Two new Indian gall midges of the genus Contarinia Rondani (Cecidomyiidae: Diptera) reared from Amaranthaceae & Poaceae

 

M.S. Siddiqui 1, K.A. Ahad Najam 2, & V.D. Deshpande 2

 

1,2 P.G. Department of Zoology, N.E.S. Science College, Nanded, Maharashtra 431603, India

Email: 1 dr.mssiddiqui50@yahoo.com

 

 

Date of publication (online): 26 March 2010

Date of publication (print): 26 March 2010

ISSN 0974-7907 (online) | 0974-7893 (print)

 

Editor: R. Ramanibai

 

Manuscript details:

Ms # o2217

Received 26 May 2009

Final received 08 December 2009

Finally accepted 17 February 2010

 

Citation: Siddiqui, M.S., K.A. Ahad Najam, & V.D. Deshpande (2010). Two new Indian gall midges of the genus Contarinia Rondani (Cecidomyiidae: Diptera) reared from Amaranthaceae & Poaceae. Journal of Threatened Taxa 2(3): 773-778.

 

Copyright: © M.S. Siddiqui, K.A. Ahad Najam, & V.D. Deshpande2010. Creative Commons Attribution 3.0 Unported License. JoTT allows unrestricted use of this article in any medium for non-profit purposes, reproduction and distribution by providing adequate credit to the authors and the source of publication.

 

Acknowledgements:  We express our gratitude to Principal and Head, P.G. Dept. of Zoology, NES, Science College, Nanded for facilities and encouragements. Thanks are also due to Dr. S.K. Atkalikar, Reader, P.G. Dept. of Botany, NES, Science College, Nanded for identifying host grass species.

 

 

For Figures – click here

 

Family Cecidomyiidae (= Itonididae) is one of the largest but youngest family of nematocerous Diptera having worldwide distribution.  Insects commonly known as gall midges are included in this family.  Many of them produce characteristics galls, i.e., deformities on various plant parts on both dicotyledon and monocotyledon plants caused by gall midges of the subfamily Cecidomyiinae; however members of the subfamilies Lestremiinae and Porricondylinae do not produce such galls.  Gall midges have phytophagus, saprophagus, xylophagus and predaceous feeding habits. A few of them are serous pests of economically important crops such as jowar, rice, bajra, wheat; fruit trees such as mango, citrus, papaya; oilseed crop such as linseed, safflower and several grass species.  A few gall midge species have a role in the biological control of a few serous insect pests.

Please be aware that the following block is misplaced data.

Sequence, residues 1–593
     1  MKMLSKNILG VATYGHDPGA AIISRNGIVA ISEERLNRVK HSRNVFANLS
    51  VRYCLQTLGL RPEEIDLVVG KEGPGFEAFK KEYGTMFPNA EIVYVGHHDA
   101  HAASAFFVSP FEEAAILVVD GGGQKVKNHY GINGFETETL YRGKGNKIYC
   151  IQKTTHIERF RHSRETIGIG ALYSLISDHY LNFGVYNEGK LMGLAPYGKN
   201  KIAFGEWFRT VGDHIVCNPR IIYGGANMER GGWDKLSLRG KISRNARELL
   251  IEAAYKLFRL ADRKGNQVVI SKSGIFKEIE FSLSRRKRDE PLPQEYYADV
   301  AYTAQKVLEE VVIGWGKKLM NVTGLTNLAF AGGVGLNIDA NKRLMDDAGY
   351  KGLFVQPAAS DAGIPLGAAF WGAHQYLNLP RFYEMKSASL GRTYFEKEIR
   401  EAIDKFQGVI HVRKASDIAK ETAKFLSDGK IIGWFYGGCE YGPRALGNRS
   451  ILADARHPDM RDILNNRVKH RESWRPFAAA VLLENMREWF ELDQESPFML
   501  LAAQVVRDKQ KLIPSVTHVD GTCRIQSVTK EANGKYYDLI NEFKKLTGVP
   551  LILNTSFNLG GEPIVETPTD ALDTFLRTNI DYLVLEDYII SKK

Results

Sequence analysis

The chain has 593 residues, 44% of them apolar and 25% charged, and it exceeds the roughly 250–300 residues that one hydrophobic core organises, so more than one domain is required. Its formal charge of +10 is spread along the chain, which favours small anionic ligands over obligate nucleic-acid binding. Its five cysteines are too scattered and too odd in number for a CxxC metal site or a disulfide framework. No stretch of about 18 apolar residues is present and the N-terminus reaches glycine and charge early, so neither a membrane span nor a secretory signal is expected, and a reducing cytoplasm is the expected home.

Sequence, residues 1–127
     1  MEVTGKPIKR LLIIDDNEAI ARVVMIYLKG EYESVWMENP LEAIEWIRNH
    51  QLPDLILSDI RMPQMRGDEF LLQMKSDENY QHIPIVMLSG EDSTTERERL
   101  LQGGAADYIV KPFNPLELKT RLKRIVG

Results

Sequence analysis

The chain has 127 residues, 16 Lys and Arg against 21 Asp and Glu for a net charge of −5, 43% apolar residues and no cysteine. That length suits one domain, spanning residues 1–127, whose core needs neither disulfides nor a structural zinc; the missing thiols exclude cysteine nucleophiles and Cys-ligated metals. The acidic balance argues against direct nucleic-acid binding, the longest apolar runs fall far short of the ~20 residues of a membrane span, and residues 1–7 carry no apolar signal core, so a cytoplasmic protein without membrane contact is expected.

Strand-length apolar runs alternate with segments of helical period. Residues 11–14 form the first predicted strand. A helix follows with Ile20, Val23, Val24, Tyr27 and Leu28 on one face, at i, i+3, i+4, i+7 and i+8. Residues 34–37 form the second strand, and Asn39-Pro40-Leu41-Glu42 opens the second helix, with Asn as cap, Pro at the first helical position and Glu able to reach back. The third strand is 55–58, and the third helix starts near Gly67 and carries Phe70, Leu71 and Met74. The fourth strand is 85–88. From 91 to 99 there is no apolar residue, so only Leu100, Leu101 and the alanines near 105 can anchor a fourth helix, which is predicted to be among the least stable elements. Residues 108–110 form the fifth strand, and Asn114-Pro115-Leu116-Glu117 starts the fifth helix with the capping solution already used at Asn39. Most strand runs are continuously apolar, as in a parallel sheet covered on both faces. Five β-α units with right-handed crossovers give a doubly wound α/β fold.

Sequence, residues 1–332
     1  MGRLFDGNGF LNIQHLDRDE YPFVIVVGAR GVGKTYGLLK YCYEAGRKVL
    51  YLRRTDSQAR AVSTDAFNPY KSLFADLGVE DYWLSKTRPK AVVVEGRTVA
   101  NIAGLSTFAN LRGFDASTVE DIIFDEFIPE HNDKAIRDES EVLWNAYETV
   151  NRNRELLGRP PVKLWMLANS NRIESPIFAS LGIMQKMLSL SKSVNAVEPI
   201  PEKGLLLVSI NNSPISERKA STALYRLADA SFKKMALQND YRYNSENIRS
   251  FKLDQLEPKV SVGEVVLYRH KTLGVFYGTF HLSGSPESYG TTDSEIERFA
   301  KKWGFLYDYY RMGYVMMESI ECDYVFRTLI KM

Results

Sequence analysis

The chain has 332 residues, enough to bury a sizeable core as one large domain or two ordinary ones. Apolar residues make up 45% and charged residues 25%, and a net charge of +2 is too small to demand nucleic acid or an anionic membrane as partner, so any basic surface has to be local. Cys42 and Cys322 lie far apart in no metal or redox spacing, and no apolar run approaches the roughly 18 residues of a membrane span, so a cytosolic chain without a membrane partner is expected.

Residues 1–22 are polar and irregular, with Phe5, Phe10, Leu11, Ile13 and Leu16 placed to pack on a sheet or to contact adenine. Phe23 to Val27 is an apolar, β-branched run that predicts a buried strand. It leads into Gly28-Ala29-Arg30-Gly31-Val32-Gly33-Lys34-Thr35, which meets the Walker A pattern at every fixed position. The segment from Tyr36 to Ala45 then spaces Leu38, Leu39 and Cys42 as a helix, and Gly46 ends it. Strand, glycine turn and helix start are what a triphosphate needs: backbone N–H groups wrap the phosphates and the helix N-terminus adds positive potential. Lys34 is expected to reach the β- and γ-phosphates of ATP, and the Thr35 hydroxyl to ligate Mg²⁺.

A total of 394 species belonging to 125 genera under three subfamilies are so far enlisted in India (Sharma 2009). The collection of gall midge fauna made during 2003-2008 in Nanded District of Maharashtra State revealed two new species of genus Contarinia Rondani, namely, Contarinia asperae sp. nov.bred from leaf galls of Achyranthes aspera L. (Amaranthaceae) and Contarinia dichanthiumae sp. nov. reared from ear heads of Dichanthium aristatum Hub. (Poaceae).  Presently, 13 species under the genus Contarinia are reported from India.  With the addition of these two new species the number of species is now 15.   All type slides are presently retained for the time being with the P.G. Department of Zoology, Science College, Nanded.

 

 

Contarinia asperae sp. nov.

(Figs. 1-16)

 

Material examined

Holotype: Male, 17.xi.2006, (slide no Cont.1) labelled as, “reared from leaf galls of Achyranthes aspera L. (Amaranthaceae), Bhokar forest, Nanded District, India, dissected and mounted on slide, coll. M.S. Siddiqui.

Allotype: One female (slide no Cont.2), dissected and mounted on slide, data as of Holotype.

Paratype: One male (slide no Cont.3), dissected and mounted on slide, coll, data as of Holotype.

 

Study area: Sitakhandi and Bhokar forest, Nanded District, Maharashtra, India.

 

Etymology

The specific epithet asperae is associated with the host plant i.e. Achyranthes aspera L.

 

Diagnostic features

Male

Body: 1.30mm long.

Head: eyes confluent above.  Trophi normal.  Palpus (Fig. 1) quadriarticulate, short, first segment (5) not clearly observed in the preparation; second segment (9:6) subcylindrical, longer and thicker than the first; third segment (9:5) cylindrical; fourth segment (11:4) longest of all, cylindrical.